Earth Day is celebrated every year on April 22nd, which makes it poetically coincident with the Lyrid Meteor Shower. The Lyrids take their name from the constellation Lyra, which bears a challenging story across the sky of lost love in the Earth.
The idea for an Earth Day observation originated with Wisconsin Senator Gary Nelson in 1969, after he witnessed the ravages of a massive oil spill in California that year.
Rachel Carson's seminal book Silent Spring had been published just a few years earlier, and the environmental movement was in full swing by the time Nelson and his colleagues decided that the best day for their Earth-centered event was some time between Spring Break and Final Exams. They were hoping to channel the energy of the anti-war protest movement in order to put environmental concerns on the front page.
The first event happened on April 22nd in 1970, while one of the oldest-known meteor showers, the Lyrids, gently fell through the sky overhead. The meteor shower takes its name from the constellation Lyra, which is named for the musical instrument of Orpheus, and it was placed in the sky by the Muses, to honor his rare talents after he died, broken from the loss of his beloved Eurydice to Earth's shadowy underworld.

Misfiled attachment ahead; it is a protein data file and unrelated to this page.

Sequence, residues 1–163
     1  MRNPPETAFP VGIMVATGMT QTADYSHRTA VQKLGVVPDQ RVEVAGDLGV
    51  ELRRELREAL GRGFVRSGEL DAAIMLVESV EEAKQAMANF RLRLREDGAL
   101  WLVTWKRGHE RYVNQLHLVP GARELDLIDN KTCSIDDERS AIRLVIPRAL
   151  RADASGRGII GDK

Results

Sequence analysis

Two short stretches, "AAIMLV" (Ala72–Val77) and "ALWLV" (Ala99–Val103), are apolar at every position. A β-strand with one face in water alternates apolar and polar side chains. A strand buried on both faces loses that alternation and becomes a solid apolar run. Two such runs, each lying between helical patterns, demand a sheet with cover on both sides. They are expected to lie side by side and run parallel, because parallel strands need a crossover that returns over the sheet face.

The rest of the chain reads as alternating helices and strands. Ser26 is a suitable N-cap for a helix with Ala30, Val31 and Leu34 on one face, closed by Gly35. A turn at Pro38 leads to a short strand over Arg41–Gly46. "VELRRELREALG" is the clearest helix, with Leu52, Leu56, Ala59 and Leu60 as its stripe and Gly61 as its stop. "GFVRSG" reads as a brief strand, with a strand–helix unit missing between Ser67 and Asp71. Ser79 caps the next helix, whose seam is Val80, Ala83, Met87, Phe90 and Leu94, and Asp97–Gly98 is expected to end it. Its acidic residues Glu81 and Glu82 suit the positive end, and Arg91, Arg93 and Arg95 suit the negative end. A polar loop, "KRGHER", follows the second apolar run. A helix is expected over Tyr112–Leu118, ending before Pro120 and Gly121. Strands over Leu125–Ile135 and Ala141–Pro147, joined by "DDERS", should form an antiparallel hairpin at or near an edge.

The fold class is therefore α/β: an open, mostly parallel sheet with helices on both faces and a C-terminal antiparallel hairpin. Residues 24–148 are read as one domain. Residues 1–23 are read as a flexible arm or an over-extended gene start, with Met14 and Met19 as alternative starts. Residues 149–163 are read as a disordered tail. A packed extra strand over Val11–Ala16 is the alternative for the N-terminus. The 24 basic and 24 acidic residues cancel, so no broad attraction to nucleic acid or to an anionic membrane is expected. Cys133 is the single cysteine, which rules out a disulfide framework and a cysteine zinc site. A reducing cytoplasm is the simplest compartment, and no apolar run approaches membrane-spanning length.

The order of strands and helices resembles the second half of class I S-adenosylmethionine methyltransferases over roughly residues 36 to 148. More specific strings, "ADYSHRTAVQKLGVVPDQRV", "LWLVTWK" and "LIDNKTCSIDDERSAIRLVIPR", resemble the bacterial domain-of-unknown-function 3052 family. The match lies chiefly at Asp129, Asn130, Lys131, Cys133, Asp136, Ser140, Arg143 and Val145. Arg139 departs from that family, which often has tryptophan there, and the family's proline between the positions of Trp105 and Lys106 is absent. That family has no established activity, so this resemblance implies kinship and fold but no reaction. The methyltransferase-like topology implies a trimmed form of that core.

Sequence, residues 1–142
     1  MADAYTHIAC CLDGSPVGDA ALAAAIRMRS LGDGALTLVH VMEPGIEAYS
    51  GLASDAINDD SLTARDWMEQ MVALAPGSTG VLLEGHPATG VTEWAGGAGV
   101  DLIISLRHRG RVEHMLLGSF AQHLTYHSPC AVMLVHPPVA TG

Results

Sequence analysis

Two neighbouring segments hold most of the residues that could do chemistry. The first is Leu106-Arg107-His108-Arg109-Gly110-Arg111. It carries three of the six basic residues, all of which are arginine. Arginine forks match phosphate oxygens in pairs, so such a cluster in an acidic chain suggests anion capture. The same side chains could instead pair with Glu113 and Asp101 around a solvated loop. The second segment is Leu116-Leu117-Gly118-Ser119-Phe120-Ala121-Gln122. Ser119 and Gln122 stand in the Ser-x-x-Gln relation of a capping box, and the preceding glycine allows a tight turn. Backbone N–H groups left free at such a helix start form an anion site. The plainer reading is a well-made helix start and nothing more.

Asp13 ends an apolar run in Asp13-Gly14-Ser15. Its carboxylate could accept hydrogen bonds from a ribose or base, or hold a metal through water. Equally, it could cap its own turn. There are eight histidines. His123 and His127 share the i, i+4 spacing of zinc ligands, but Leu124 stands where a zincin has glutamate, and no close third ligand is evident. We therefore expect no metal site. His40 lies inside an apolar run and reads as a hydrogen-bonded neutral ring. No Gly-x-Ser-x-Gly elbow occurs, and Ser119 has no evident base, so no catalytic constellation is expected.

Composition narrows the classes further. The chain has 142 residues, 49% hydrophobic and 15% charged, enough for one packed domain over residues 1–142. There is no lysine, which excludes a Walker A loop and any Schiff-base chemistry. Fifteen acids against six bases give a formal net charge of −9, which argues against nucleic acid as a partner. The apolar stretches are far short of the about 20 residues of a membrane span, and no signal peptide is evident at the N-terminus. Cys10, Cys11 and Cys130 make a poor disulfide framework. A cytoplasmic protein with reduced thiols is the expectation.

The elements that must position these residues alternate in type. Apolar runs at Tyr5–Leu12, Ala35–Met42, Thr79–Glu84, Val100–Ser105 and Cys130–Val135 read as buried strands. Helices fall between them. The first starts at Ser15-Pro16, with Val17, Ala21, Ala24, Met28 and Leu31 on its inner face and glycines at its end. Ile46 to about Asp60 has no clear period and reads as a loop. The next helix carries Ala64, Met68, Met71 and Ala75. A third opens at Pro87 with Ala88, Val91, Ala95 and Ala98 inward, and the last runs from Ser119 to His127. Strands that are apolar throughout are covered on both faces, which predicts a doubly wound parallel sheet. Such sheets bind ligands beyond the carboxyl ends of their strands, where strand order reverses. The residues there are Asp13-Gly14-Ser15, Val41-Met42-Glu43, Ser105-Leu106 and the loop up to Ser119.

One way to understand the myth of Orpheus and his lost love is to consider that for the Ancient Greeks, it was a myth of preparation ~ one of those seemingly tragic stories where a loved one is left languishing in the underworld with no way to return to the upper world of the living. Their message seemed to be that it would be up to a later humanity to so love the Earth, as Orpheus loved Eurydice, that it could restore its life and loveliness.
So this year, as you cast your wishes to the stars, cast a wish for the Earth, with love.
It is a wholesome and necessary thing for us to turn again to the Earth and in the contemplation of her beauties to know the sense of wonder and humility. ~Rachel Carson